Do we really want more politicians? Even worse, do we really want more do-gooder teenagers to aspire to be career politicians? The UK Youth Parliament  is one of those things that probably sounded good in theory, but in practice has ended up a bit of an embarrassment to those involved who should know better.
I don’t really object the ‘Members of Youth Parliament’ themselves – it’s all a bit earnest and precocious, but they’re young and it’s hard to justify any strong dislike towards them. But it’s important to recognise that the Youth Parliament isn’t a debating forum – it’s a backslapping ‘youth advocacy’ organization. Having watched part of it today, I can attest that few of the issues discussed are really debated at all.
Few teenagers have heard of the ‘Youth Parliament’ – these ‘MYPs’ are not representative in any way. Frankly, if the ‘MYPs’ were characters from the teen comedy The Inbetweeners , it’s pretty obvious that they would all be Will, the show’s nerdy, self-righteous narrator.
The grown-ups behind the UKYP are railroading these earnest kids into political careers. I think I’d rather that they be encouraged to read a good book  and figure out what it is that they believe, rather than allowing them to indulge in their adolescent tantrums about university fees and the like. It’s easy to bash careerist politicians, and with good reason: rather than doing something that people willingly pay for, they rely on coerced taxation to make a living. We should all be so lucky.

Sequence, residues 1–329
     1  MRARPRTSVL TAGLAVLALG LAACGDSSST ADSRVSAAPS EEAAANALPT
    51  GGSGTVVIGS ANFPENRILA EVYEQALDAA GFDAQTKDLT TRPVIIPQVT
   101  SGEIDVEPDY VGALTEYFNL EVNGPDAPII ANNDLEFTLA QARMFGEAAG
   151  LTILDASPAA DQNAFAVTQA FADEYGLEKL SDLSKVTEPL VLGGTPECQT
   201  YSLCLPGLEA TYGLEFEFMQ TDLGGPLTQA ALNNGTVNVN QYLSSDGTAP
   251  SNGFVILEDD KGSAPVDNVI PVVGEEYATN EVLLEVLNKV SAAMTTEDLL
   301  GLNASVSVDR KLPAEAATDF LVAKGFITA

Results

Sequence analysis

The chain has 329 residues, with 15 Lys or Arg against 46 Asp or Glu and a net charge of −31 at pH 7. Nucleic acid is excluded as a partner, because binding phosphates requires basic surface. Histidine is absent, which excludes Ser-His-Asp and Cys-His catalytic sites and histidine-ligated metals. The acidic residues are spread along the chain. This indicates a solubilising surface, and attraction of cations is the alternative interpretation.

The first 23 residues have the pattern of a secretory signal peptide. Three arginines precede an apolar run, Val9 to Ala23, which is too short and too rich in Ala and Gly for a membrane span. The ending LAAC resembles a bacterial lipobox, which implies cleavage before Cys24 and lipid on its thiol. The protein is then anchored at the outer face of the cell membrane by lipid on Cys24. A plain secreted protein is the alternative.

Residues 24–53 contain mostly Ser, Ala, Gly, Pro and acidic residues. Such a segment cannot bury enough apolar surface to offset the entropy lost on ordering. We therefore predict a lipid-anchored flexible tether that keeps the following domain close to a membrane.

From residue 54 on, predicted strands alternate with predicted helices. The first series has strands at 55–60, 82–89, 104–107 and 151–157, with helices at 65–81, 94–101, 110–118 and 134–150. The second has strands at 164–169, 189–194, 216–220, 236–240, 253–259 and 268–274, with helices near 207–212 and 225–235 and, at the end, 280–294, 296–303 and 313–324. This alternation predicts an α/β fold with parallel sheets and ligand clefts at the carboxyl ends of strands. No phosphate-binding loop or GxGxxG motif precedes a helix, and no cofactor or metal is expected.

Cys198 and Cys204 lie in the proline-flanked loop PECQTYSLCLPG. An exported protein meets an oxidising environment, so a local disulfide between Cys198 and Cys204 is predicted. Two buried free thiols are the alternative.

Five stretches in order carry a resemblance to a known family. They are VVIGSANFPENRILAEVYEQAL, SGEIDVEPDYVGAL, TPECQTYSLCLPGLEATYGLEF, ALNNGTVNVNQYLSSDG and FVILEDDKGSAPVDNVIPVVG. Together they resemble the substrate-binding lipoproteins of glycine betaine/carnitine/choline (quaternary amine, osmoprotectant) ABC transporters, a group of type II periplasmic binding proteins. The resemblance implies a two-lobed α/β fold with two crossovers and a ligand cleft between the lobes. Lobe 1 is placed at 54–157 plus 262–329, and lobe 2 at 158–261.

To be fair, not all politicians are bad. The good ones usually go into politics after having achieved something in the private sector – that is, after having done something that people are willing to pay for voluntarily. And even many of the clever ones who start off well are ruined by the political system. But the ones who spend their lives working for the state are not the best, and there’s no need to try to make more of them.
Whose idea was it to encourage teenagers to go down this unproductive path, rather than to do something that people value and are willing to pay for voluntarily? If these people are ‘the future’, we may be doomed to another generation of sentimental, poorly-reasoned political representatives. Let's hope they aren't.